Today in 1989, US Patent 4837034 A was issued, an invention of Joseph L. Owades and Charles J. Koch, assigned to the Boston Beer Limited Partnership, for their “Preparation Of Low Calorie Beer.” Charles J. Koch was Boston Beer founder Jim Koch’s father, himself a fifth-generation brewer who apparently quit the business in the 1950s when things were looking dark for American beer and even tried to dissuade his son from going into the family business. According to family legend, “his greatest gift [to the Boston Beer Co.] lay in an old trunk stored in his attic. That trunk contained family brewing memorabilia and beer recipes dating back to the 1800s.” And the story goes that he gave Jim a recipe from the trunk created by his great-great grandfather, Louis Koch, which was the basis for their flagship beer, Samuel Adams Boston Lager. Joe Owades was the first to create low-calorie light beer when he was at Rheingold and eventually through M&A it turned into Miller Lite and later in life he did consulting work and helped Boston Beer tweak the Louis Koch’s recipe and make it into their Boston Lager. As I understand it, Owades continued to do work with them from time to time over the years, and that’s likely how Joe and Charles ended up working on the patent which, I presume, eventually became Samuel Adams Light Beer.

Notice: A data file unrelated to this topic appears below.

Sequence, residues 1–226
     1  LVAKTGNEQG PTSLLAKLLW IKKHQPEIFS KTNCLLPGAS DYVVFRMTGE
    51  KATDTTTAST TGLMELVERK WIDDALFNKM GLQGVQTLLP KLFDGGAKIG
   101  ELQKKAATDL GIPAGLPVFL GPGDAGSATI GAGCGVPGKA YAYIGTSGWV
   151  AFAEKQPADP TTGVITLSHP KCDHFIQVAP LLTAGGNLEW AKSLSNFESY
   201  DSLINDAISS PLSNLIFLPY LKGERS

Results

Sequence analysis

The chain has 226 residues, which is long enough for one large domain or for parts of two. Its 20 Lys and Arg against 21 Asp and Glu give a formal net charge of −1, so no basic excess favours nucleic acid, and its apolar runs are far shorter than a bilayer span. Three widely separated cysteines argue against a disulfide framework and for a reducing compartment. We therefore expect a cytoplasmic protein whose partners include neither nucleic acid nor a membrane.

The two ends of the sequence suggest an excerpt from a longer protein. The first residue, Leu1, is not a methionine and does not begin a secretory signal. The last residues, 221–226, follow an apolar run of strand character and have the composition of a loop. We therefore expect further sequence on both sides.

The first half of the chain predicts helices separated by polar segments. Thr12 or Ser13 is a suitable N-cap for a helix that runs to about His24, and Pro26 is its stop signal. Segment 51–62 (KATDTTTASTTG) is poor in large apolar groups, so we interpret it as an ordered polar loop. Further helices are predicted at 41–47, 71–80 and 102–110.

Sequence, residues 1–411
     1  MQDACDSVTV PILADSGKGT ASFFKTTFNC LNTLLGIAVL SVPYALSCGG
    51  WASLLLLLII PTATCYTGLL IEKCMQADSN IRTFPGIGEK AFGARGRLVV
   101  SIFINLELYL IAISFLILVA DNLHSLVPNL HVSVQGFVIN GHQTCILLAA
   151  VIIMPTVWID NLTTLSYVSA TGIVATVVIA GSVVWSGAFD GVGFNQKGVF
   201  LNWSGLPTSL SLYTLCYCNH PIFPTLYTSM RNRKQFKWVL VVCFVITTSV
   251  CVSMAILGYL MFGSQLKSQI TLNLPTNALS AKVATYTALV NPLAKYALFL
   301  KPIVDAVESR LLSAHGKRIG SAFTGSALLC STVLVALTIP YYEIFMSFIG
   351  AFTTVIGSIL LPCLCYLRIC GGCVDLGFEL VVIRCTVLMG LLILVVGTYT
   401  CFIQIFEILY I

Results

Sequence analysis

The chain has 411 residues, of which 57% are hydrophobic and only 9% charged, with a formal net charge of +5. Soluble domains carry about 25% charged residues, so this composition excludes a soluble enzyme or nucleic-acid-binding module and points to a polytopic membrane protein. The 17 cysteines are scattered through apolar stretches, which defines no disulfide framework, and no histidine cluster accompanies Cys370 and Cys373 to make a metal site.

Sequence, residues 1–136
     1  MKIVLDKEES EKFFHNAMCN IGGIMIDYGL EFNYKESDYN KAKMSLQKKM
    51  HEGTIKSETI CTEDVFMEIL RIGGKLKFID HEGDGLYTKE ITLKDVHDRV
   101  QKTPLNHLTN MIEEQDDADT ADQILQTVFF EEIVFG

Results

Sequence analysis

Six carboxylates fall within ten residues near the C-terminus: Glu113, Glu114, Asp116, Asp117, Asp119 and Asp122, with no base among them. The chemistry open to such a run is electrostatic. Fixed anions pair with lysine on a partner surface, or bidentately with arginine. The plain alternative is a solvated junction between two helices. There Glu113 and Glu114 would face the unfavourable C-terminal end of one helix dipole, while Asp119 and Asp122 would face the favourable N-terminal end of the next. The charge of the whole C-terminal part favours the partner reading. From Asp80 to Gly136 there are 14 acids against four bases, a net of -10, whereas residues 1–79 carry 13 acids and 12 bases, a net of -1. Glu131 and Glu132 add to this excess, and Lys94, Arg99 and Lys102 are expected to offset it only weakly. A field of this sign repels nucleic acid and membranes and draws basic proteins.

Here’s the Abstract:
A low-calorie, all-malt beer characterized by full body and flavor of a conventional all-malt beer and a method of preparing the same without any external enzymes is described. A wort is prepared by blending warm malt mash with hot water under conditions which avoid exposing the blend of hot water and the malt mash to temperature between about 52° C. and 75° C., and the resultant wort is converted to beer by fermenting the wort with Brewer’s yeast. The wort extract is oxygenated with substantially pure oxygen in place of air normally used in the fermentation, and the Brewer’s yeast is added to the wort extract at a rate of about 30 to 60 grams pressed yeast per 100 liters wort so as to absorb, within the yeast cells of the Brewer’s yeast, substantially all harsh and grainy flavor compounds contained in the wort extract.